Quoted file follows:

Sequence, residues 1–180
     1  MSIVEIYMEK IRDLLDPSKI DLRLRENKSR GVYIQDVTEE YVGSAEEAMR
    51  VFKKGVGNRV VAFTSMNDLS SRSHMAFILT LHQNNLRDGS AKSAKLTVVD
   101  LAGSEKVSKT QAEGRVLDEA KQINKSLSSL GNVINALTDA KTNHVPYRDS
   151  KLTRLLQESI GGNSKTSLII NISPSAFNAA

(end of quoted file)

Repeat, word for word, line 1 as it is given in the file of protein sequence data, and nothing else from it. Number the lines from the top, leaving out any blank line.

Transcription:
Sequence, residues 1–180